Prime Minister Imran Khan warned that if the world left the Taliban-led government, Afghanistan would go back decades.


Prime Minister Imran Khan spoke to David Hurst and Peter Auburn of the Middle East Eye.

ISLAMABAD: Stressing the need for the world to engage with the new government in Kabul, Prime Minister Imran Khan on Monday urged the international community to refrain from removing the Taliban-led government in Afghanistan.

In an interview with Middle East Eye, an online news outlet in London, Prime Minister Imran Khan warned that such an attitude of the world would send the country back in a few decades.

“Things are still happening in Afghanistan, people like us still don’t know where it will go,” he said.

The Prime Minister said that Afghanistan is a trade corridor connecting Pakistan with Central Asian countries. “And so, this is a very important country,” he said.

He added that this should not be a “US vs. China” camp.

Prime Minister Imran Khan said that there are people in the Taliban leadership who have made many sacrifices in blood. “These people will now want to be part of the government,” he said.

“And yet the government. [in Afghanistan] Seeking international acceptance. “It speaks to human rights and does not want its territory to be used for terrorism,” he explained.

Prime Minister Imran Khan said that this is an important point of Afghanistan and called on the world to connect with the country.

‘Still talking to Biden’

Responding to a question about US President Joe Biden, the prime minister said he could not yet speak to the world’s most powerful man.

“Well, you know, it depends. It’s a superpower.”

When the interviewer told him that he found it “absolutely surprising” that the two heads of state had not yet spoken, Prime Minister Khan said:

“Well, our security chiefs have spoken. Our Secretary of State is in contact with the US Secretary of State. But no, we have not spoken, but we are in contact,” he added.

Speaking about his visit to the United States in 2008, the prime minister added that he had spoken to Biden, John Kerry and Harry Reid – then all senators – warning them that they were creating a problem for themselves in Afghanistan. ۔

Khan said he had warned the three that there was no military solution to the Afghan conflict, but added that he had not listened to them.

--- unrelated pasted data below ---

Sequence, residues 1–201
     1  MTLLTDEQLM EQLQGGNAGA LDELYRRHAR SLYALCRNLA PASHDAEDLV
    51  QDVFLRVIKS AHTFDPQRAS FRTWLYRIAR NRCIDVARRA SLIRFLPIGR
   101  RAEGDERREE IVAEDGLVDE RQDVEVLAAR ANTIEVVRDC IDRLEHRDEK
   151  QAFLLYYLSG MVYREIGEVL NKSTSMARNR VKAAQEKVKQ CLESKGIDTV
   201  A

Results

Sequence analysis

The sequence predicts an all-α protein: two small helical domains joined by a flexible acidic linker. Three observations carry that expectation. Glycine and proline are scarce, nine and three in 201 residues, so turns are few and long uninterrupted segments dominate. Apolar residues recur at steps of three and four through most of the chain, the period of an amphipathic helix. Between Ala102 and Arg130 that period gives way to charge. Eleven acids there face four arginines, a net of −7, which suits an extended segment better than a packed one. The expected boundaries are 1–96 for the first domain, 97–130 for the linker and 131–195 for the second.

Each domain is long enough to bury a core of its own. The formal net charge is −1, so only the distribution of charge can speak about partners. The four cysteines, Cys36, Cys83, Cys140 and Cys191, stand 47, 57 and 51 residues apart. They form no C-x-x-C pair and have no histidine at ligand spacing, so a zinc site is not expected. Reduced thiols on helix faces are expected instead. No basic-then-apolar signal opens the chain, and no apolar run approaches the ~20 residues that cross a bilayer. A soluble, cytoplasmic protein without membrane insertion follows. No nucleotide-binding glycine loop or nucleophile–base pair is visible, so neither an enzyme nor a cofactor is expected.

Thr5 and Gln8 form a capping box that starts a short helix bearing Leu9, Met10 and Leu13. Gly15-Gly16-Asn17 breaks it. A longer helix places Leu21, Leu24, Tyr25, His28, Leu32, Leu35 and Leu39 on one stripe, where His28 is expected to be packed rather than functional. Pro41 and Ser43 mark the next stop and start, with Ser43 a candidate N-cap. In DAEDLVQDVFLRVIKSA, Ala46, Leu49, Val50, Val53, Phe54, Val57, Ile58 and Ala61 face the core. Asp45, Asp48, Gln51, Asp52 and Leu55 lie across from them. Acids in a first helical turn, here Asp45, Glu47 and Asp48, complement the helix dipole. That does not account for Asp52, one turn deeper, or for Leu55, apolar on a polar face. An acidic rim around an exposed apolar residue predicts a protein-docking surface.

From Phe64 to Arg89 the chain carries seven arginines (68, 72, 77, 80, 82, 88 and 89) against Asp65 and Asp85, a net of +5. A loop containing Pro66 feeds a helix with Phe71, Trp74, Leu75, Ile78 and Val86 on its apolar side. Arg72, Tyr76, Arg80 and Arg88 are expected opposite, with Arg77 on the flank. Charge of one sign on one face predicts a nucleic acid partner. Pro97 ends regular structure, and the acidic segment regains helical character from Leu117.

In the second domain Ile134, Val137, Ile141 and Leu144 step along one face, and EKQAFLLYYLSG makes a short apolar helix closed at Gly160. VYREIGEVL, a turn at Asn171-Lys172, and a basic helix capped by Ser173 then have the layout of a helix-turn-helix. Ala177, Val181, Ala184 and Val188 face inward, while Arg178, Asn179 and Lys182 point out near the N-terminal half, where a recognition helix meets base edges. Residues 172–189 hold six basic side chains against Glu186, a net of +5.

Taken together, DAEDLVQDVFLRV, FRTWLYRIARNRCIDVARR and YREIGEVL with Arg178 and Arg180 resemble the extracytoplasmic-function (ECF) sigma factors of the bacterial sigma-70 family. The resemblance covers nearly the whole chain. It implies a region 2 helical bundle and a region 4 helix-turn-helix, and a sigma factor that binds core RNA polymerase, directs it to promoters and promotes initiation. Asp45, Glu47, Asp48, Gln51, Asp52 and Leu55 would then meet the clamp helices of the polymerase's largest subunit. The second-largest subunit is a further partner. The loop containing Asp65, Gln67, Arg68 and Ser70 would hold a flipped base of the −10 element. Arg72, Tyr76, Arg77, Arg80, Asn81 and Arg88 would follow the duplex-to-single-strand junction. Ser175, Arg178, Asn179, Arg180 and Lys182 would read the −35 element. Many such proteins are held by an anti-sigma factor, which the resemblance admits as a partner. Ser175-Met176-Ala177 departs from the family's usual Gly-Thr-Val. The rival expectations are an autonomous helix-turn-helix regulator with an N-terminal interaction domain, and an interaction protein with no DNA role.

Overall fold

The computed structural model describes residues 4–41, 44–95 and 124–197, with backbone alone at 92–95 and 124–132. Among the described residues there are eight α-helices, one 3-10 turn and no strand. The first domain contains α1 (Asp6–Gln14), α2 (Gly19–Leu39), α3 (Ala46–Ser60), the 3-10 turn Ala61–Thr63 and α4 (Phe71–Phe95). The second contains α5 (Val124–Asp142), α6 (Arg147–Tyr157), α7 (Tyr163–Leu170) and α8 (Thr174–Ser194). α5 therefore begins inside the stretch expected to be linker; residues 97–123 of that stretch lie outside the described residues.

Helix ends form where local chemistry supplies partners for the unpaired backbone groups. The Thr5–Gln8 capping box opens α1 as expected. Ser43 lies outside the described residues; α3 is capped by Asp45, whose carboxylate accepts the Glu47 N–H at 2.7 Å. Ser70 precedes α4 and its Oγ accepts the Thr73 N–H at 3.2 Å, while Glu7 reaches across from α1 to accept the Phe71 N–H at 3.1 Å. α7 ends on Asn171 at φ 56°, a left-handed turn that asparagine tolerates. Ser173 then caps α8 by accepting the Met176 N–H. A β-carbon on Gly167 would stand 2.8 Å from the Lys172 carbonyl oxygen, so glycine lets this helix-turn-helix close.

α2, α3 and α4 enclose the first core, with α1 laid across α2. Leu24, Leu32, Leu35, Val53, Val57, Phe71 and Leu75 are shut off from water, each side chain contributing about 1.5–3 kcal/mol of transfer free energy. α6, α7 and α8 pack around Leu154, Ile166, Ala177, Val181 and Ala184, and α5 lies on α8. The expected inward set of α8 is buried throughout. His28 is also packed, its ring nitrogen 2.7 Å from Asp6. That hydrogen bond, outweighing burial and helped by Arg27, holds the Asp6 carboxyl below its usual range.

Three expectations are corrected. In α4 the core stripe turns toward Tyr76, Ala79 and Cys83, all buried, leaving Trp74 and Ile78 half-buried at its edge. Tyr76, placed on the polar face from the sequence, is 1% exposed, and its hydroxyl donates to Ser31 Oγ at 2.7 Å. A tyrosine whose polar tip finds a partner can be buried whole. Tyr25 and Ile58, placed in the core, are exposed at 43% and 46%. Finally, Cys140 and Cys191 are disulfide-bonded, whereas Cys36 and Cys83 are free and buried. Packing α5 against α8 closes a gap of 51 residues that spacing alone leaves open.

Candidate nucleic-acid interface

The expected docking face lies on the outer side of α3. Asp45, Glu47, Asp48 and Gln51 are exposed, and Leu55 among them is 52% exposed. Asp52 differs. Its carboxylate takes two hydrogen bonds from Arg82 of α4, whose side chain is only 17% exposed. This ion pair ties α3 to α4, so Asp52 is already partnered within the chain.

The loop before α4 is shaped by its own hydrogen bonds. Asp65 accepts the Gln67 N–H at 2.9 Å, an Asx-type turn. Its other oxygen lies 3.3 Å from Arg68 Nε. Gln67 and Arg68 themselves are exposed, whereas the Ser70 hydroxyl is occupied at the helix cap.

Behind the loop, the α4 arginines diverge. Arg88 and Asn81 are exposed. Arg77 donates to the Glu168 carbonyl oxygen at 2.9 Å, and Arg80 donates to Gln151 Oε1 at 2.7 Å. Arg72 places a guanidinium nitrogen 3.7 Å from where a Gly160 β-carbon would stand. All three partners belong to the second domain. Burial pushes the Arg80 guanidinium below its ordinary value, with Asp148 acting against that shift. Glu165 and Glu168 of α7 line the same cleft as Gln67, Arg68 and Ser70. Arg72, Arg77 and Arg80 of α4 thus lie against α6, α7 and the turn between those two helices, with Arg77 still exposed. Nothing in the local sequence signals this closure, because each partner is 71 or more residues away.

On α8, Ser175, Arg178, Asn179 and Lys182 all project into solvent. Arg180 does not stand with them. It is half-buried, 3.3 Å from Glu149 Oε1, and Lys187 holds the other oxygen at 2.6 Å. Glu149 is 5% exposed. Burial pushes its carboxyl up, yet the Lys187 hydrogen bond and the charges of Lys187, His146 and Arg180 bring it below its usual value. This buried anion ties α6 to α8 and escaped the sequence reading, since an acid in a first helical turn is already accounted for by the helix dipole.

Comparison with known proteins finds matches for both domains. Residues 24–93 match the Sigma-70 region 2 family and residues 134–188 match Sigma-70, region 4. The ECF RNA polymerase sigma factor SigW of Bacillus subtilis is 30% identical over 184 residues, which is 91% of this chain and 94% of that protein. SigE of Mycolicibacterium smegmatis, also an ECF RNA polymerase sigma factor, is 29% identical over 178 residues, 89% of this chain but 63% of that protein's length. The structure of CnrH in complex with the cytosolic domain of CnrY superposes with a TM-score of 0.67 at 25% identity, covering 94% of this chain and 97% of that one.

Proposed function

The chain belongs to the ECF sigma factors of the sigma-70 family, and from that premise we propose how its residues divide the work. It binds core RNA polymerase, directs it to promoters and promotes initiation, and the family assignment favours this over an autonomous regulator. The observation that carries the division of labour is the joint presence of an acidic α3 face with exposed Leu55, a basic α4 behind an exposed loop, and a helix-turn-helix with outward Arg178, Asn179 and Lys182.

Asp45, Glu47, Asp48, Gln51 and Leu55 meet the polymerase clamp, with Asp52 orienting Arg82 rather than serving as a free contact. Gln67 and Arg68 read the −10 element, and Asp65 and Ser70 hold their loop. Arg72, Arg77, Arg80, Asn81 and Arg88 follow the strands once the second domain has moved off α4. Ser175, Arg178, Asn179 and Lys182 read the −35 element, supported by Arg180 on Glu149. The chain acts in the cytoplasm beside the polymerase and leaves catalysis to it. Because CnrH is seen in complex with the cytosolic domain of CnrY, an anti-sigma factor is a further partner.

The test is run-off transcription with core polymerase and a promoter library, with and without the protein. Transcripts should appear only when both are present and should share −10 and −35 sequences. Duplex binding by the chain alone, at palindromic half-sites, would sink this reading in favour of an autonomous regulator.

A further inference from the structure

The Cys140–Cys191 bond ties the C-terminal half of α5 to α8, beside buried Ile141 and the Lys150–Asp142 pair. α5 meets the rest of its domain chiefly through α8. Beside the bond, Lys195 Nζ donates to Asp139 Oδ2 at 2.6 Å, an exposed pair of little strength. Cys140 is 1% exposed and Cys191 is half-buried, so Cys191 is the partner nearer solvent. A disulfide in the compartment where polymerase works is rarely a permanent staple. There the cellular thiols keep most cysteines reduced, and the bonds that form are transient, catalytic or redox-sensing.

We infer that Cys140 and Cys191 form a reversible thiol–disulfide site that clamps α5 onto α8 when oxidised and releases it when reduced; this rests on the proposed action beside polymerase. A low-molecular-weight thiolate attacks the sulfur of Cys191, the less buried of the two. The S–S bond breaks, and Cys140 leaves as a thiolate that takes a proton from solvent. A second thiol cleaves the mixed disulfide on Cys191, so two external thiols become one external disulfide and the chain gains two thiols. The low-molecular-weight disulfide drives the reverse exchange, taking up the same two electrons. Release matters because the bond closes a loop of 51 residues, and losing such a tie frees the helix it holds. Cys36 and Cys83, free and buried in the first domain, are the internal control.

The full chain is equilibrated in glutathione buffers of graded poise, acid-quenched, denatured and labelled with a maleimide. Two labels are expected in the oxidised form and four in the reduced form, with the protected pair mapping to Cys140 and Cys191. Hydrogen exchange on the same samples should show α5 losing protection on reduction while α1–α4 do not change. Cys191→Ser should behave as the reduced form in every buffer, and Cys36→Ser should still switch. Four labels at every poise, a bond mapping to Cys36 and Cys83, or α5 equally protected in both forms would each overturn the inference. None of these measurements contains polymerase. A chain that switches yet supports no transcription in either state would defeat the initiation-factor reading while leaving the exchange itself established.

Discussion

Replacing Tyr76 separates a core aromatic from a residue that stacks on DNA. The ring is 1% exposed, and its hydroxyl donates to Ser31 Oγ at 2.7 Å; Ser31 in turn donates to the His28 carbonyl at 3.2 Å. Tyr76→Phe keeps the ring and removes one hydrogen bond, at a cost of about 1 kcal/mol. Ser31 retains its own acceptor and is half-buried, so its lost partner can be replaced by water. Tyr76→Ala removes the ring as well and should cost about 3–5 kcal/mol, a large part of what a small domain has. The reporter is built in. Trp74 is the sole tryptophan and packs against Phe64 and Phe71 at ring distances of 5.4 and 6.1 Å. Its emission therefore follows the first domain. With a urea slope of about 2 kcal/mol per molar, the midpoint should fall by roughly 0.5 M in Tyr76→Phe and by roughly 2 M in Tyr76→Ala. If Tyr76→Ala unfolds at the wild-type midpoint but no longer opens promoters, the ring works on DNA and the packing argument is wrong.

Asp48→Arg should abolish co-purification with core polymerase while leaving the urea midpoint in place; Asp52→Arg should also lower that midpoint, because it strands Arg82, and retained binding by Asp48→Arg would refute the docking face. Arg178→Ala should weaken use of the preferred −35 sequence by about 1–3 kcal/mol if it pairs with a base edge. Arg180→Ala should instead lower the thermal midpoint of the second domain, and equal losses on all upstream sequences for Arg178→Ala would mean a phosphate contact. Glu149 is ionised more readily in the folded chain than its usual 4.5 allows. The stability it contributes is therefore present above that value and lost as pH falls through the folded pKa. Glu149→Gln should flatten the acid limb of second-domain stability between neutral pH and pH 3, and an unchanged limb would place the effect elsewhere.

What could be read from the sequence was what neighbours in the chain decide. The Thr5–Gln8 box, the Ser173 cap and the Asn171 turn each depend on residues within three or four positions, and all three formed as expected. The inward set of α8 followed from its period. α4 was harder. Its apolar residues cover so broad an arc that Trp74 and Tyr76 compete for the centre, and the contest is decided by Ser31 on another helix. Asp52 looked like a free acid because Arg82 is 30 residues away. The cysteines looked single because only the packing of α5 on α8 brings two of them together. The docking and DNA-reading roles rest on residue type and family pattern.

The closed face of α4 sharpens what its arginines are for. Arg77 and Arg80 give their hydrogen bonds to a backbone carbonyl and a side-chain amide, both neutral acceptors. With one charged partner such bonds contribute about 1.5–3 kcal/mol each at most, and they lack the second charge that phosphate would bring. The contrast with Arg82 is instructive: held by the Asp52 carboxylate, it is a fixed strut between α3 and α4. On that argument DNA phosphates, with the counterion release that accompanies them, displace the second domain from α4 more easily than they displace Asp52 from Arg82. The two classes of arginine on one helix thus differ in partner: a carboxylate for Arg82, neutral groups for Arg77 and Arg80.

He said that a few years later, the then Pakistan Army Chief General Ashfaq Parvez Kayani gave the same message to US President Barack Obama.

“But unfortunately they were led by their generals. And you know what the generals always say: give us more troops and more time.”

Peaceful transfer of power in Afghanistan

When asked about the Taliban’s takeover of Afghanistan, the cricketer-turned-politician said Islamabad was “relieved” because it expected bloodshed when the Taliban were about to seize the capital a few months ago. ۔

“We were relieved because we expected bloodshed but what happened was a peaceful transfer of power,” he noted.

The prime minister said the Afghan army, numbering about 300,000, had surrendered without fighting the Taliban. “So clearly we didn’t ask them to surrender.”

When asked if the Taliban had formed a comprehensive government in the country, Khan acknowledged that it was not one. However, he said the current Afghan government is an interim government according to the Taliban itself.

He said Pakistan was working with regional countries, Tajikistan and Uzbekistan, which have relatively large populations, to ensure that the Taliban agreed to more diverse representation in their government.

Conversation with TTP

The prime minister also spoke about his government’s negotiations with the Tehreek-e-Taliban Pakistan (TTP), a banned organization that has claimed responsibility for several killings in Pakistan over the past two years.

“Islamabad is trying to talk to elements within the TTP who can be reconciled because it is from a position of power,” he said.

“I have always believed that all riots end up at the negotiating table like the IRA. [Irish Republican Army] For example, “he explained.

“Now we have to talk to those with whom we can make peace. [persuade to] Give up your weapons and live like ordinary citizens.

Talking about Pakistan’s sacrifices in the war on terror, he said that Pakistan has lost 80,000 citizens and its economy has been destroyed.

The Prime Minister said that the Taliban had assured Islamabad that the TTP would not carry out attacks against Pakistan. He accused India during Ashraf Ghani’s government of carrying out terrorism in Pakistan through Afghanistan.

US drone strikes in Pakistan

Prime Minister Imran Khan, a longtime critic of US drone strikes in Pakistan and other countries, has criticized Washington’s strategy of combating terrorism through drone strikes.

“This is the most insane way to fight terrorism. Drone strikes on a mud hut in a village and expecting no casualties,” he said. “

Asked if Pakistan would allow the US to invade Afghanistan targeting ISIS, the prime minister said: “They don’t need a base here because we don’t need to be part of any conflict again. “

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